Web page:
Property prices in Serbia have been rising steadily in recent years.
The average square metre of residential space costs 30% more than it used to, while the value of the real estate market has increased by 100 million euros to 4.2 billion euros in one year. And that’s not all. Demand continues to grow and one wonders why property prices are continuing to rise and whether there is a property ‘bubble’ that will eventually burst?
The question is all the more topical because the increase in the price of square metres of residential space in many cities can also be monitored on a monthly basis.
Thus, for example, flats in the Belgrade municipalities of Voždovac, Novi Beograd and Mirijevo have increased in price by up to 5% since the beginning of the year. An average price of a square metre of residential space in Novi Sad follows suit, while in Niš, in some parts of the city, real estate prices have grown by 30% since December. In Kragujevac, prices are stagnant, while in Pančevo. they have increased by up to 10% in the last five months.
While it has long been predicted that the “bubble” would burst, or rumoured to be about “monetary vicissitudes”, experts say that the growth of real estate prices is influenced by realistic factors.
“Property prices in Serbia are dictated by the real estate market. In a situation where the supply of flats and houses for sale is limited and there are plenty of potential buyers, i.e. the demand is strong, it is usual that the price of goods, in this case, real estate, is increasing,” says the director of the Nekretnine.rs website, Anita Pešić.
Of course, the simple law of supply and demand is not the only cause of rising prices, and there are several other factors that influence the prices on the real estate market.
The most significant factor in the growth of housing market prices is interest rates on housing loans. With lower interest rates, which are now even twice lower compared to 10 years ago, loans are becoming cheaper. Therefore, more people are able to buy real estate and this leads to higher prices. It is also true that more and more people are able to afford a property, which can be linked to falling unemployment, i.e. rising employment.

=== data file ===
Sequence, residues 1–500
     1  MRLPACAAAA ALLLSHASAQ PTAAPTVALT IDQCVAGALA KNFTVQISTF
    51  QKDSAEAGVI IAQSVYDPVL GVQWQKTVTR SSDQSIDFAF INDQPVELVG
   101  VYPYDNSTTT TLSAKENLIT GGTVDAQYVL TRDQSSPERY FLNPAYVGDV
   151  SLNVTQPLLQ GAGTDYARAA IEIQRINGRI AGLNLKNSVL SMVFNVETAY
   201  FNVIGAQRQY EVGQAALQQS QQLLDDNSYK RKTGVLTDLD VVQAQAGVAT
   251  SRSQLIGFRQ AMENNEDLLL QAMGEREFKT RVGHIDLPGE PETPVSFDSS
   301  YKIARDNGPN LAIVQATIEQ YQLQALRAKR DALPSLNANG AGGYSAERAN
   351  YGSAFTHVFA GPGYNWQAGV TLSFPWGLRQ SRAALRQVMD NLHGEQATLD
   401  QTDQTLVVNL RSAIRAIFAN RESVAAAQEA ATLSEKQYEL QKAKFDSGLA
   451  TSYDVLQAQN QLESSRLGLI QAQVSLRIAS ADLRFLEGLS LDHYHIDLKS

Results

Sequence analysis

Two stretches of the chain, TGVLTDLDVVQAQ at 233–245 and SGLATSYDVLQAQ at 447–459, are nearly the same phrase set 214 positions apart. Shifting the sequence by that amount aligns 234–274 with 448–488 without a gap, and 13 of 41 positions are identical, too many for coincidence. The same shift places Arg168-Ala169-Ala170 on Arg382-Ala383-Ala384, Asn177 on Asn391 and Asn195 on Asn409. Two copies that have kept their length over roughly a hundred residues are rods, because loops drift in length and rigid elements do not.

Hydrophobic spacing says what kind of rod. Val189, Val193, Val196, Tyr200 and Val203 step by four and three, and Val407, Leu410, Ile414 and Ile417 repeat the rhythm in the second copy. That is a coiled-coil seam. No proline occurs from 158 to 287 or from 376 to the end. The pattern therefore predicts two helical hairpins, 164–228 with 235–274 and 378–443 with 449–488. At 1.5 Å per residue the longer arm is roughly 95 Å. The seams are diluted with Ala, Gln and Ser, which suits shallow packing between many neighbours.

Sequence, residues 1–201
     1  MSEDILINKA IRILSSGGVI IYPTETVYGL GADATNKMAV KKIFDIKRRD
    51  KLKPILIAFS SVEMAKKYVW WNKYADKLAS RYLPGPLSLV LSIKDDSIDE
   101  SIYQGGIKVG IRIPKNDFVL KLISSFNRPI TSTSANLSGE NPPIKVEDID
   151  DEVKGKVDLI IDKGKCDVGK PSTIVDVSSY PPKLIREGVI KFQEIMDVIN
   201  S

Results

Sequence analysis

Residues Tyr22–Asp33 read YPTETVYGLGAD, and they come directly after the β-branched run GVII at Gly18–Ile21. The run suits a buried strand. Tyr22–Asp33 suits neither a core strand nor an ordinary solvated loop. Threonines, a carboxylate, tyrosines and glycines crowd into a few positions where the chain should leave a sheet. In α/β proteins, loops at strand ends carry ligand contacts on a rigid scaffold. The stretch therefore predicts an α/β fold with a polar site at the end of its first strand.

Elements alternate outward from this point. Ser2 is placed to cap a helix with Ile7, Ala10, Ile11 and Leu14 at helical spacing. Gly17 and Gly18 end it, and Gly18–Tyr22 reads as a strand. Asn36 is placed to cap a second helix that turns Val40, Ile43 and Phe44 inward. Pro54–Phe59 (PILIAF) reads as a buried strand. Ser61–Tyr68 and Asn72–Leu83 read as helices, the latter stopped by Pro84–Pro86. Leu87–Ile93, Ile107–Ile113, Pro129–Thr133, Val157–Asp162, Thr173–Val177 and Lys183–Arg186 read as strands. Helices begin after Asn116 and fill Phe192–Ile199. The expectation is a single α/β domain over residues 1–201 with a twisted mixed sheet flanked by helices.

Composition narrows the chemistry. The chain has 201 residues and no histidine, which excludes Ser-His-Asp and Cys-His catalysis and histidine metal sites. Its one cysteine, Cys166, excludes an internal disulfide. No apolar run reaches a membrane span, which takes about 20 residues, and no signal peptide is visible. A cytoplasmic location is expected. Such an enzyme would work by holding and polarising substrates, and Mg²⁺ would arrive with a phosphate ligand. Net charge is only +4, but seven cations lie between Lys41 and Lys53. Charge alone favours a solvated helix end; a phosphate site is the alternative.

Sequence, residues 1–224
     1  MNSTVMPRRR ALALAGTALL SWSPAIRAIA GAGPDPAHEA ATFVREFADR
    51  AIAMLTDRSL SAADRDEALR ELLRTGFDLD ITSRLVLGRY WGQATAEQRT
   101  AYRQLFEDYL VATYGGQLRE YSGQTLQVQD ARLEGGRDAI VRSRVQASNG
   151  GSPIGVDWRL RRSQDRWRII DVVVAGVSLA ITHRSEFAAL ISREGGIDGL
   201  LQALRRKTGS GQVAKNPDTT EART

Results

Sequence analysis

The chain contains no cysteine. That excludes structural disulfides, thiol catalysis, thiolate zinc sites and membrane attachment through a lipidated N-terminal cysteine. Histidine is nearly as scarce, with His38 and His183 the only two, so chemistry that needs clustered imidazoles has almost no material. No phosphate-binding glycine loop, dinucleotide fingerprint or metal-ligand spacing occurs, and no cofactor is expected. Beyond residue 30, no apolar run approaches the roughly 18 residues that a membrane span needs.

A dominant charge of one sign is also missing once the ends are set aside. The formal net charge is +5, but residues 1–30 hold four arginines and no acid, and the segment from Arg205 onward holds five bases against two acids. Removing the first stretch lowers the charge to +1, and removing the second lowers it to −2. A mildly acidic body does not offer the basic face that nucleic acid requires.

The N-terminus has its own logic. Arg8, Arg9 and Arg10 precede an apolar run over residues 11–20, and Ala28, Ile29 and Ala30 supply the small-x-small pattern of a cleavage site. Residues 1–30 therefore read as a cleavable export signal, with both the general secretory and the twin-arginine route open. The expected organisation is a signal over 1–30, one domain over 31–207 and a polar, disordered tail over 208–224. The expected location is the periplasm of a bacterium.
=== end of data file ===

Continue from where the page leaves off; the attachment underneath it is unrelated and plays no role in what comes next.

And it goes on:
Investing in real estate is therefore not an unreasonable business decision for a bank, insurance company, investment fund, entrepreneur or someone who has decided to buy real estate to live in.
Serbia doesn’t have a developed investment culture and there are no real opportunities in the capital markets. While in more developed countries, savings are invested in stock exchanges, investment funds, etc., in Serbia, this type of economic intervention is still in its infancy. In this context, buying a flat to rent is a safer option than investing in an underdeveloped capital market or putting that money in a bank.
“In this part of the world, we are not in the habit of investing in securities or precious metals, but we invest acquired or inherited capital in real estate,” says Anita Pešić.
Moreover, the real estate market in Serbia is full of ‘tied sales’. When money is made by selling a larger flat or land, the sellers themselves usually decide right away to reinvest the money in purchasing several smaller properties. This is one of the reasons why the report of the Geodetic Authority states that as many as 84% of real estate transactions are paid for in cash.
This post is also available in: Italiano